In this study, we examined whether IL21 regulates the synthesis of MMPs by intestinal fibroblasts, given that fibroblasts are a major source of MMPs in the gut and that MMP production can be enhanced by T cell‐produced cytokines.3,4,5,6,7,8,9,10
Initially we showed that IL21R is constitutively expressed by intestinal fibroblasts, and that such expression can be enhanced by TNF α and IL1β. In this context, however, it is worth noting that IL21R protein expression was semiquantitatively assessed by western blotting, as our attempts to characterise IL21R by flow cytometry using commercially available antibodies were unsuccessful. We cannot therefore exclude the possibility that the arbitrary units we measured may not exactly reflect the biological quantities of IL21R protein in those cells. Intestinal fibroblasts also express the common γ chain receptor, suggesting that these cells may be potential targets of IL21 in vivo. Indeed, intestinal fibroblasts responded to IL21 by increasing the production of MMPs. The effects of IL21 on MMP synthesis were observed with concentrations of IL21 that are similar to those used by other authors to test the biological effects of this cytokine in vitro.15
We do not know whether such concentrations reflect the amount of IL21 produced in the gut of patients with IBD, as no commercial kit is yet available to quantify human IL21. However, our previous western blotting analysis of IL21 showed that the intensity of immunoreactive bands in patients with IBD was not different from that obtained with 50 ng/ml rhIL‐2117
—that is, the maximal dose we used to stimulate fibroblasts. We restricted our analysis of the effect of IL21 on the synthesis of MMP‐1, MMP‐2, MMP‐3 and MMP‐9, as these proteases are produced in excess in the gut of patients with IBD.3,4,6,11
MMP production or activity can be regulated at multiple levels including gene activation and transcription, mRNA stability, secretion, proenzyme activation and inactivation by endogenous inhibitors.1,2
We thus examined how IL21 regulates MMP synthesis in gut fibroblasts. Our data suggest that regulation of MMPs by IL21 does not occur at the transcriptional level. In fact, stimulation of fibroblasts with IL21 did not alter the expression of MMP RNA transcripts. Additionally, the intracellular level of MMP proteins was not increased by IL21, and the IL21‐induced MMP synthesis was not affected by inhibitors of gene transcription and de novo protein synthesis. It is thus plausible that IL21 preferentially increases the secretion of either preconstituted or newly synthesised MMPs, as treatment of fibroblasts with brefeldin A inhibited IL21‐induced MMP secretion, and increased secretion of MMP was seen after exposure to IL21 for a short time.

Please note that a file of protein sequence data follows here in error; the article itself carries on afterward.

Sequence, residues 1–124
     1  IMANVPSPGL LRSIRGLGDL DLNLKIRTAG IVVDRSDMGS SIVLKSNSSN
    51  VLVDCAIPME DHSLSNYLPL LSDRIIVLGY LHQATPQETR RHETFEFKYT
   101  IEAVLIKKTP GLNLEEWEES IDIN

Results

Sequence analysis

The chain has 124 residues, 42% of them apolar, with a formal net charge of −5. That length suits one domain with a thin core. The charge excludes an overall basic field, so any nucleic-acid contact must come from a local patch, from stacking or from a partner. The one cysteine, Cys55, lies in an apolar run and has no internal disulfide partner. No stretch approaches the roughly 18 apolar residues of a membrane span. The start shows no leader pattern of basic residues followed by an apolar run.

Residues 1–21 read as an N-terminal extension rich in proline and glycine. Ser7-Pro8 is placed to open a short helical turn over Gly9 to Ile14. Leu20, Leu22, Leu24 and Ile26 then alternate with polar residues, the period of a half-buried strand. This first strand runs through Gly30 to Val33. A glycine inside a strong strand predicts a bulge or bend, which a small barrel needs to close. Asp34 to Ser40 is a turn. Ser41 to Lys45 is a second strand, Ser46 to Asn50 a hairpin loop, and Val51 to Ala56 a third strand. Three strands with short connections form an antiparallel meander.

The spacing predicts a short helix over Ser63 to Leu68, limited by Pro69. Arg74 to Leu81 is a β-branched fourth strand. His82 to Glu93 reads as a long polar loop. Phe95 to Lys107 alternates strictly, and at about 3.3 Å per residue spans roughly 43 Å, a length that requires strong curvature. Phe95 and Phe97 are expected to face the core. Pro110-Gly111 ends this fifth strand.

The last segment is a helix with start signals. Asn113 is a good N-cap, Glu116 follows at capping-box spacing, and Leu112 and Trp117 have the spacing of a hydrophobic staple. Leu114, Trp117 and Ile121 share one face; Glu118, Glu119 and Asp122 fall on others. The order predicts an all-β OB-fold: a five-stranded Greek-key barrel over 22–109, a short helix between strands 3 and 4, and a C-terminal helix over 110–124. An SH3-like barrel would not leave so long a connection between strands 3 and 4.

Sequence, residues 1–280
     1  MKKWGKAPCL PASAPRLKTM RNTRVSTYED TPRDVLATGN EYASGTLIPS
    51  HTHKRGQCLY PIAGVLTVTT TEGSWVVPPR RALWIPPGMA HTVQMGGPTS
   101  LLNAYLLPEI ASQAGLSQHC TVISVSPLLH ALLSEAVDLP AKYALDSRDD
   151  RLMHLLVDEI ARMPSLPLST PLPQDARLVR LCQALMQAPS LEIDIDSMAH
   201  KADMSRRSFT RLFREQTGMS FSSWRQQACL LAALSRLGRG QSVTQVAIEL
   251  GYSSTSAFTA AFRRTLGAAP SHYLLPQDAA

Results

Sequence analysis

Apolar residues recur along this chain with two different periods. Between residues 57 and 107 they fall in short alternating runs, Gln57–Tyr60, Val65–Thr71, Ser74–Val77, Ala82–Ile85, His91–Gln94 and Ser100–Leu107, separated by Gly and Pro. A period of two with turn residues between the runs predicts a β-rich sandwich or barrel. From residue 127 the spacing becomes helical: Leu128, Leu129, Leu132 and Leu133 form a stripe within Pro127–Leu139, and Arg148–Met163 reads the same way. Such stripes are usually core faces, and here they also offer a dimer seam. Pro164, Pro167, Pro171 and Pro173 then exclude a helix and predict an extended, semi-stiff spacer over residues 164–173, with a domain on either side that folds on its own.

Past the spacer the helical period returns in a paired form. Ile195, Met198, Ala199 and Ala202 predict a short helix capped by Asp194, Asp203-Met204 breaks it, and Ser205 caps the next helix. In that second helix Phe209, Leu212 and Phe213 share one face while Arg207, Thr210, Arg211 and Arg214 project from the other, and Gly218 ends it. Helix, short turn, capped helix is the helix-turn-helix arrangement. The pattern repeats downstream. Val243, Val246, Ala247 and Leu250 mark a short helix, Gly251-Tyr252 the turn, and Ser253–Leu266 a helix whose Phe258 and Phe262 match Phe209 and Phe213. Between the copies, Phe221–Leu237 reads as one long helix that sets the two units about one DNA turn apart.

Although it was once considered that MMPs were transcriptionally regulated and rapidly secreted, recent evidence shows that MMPs are stored in secreted granules, ready for rapid release. For example, coculture of a monocytic cell line with metastatic colon cancer cells results in an increased production of MMP‐2 without any increase in mRNA levels.24
Subcellular compartmentalisation of MMPs within caveolar structures has been described in endothelial cells, and activation of these cells by various stimuli results in enhanced MMP secretion, with no change in MMP RNA or de novo protein synthesis.25,26,27,28
By contrast, TNF α augmented the RNA expression of MMP‐1, MMP‐3 and MMP‐9, but not MMP‐2, supporting data of previous reports showing that MMP‐2 can be regulated via a different pathway from that of other MMPs, including MMP‐9.1,2,29,30
These data suggest that inflammatory cytokines such as TNF α may transcriptionally increase MMP production, but this effect is amplified by IL21 at the post‐transcriptional level.
The proteolytic activity of MMPs is tightly controlled by TIMPs.1,2
One of the most striking features of this study is that TIMP‐1 and TIMP‐2 protein remained unchanged after IL21 stimulation. These findings are consistent with previous reports showing high MMP production without concomitant TIMP elevation in other systems. For example, in IBD tissue, increased expression of MMP‐3 occurs with no change in TIMP‐1 production.5,6
Stimulation of scleral fibroblasts from patients with necrotising scleritis by TNF α resulted in a twofold increase in TIMP‐1 mRNA compared with a sevenfold increase in stromelysin‐1 mRNA.31
There was no similar increase in TIMP‐1 mRNA in the aqueous humour of patients with uveitis, although MMPs were increased.32
In conclusion, we have shown that IL21 increases MMP production by fibroblasts, thus confirming and expanding on our previous data showing that cytokines are important mediators of the cross talk between immune and non‐immune cells in the gut.5,9,18
The in vivo relevance of our findings relates to the fact that supernatants of Crohn's disease LPMC rapidly increase MMP production by fibroblasts and this is partially inhibited by IL21R/Fc. The fact that the IL21R/FC reduces but does not abrogate the effect of Crohn's disease LPMC supernatants on fibroblast MMP production indicates that Crohn's disease LPMC make additional MMP‐inducing molecules other than IL21. Indeed, molecules such as IL1β, IL6, IL17, IL22 and TNF α, all of which could regulate MMPs, are produced in excess in Crohn's disease.2,5,10,18,33,34
Although IL21 was originally described as an important regulator of T, B and NK cells, recent studies have shown that IL21 modulates the activity of multiple cell types and triggers several inflammatory pathways.14,35,36
These observations, with the demonstration of upregulation of IL21 in IBD tissue and enhancement of MMPs in fibroblasts by IL21, suggest that blocking IL21 can help in limiting the tissue‐damaging inflammatory response in IBD.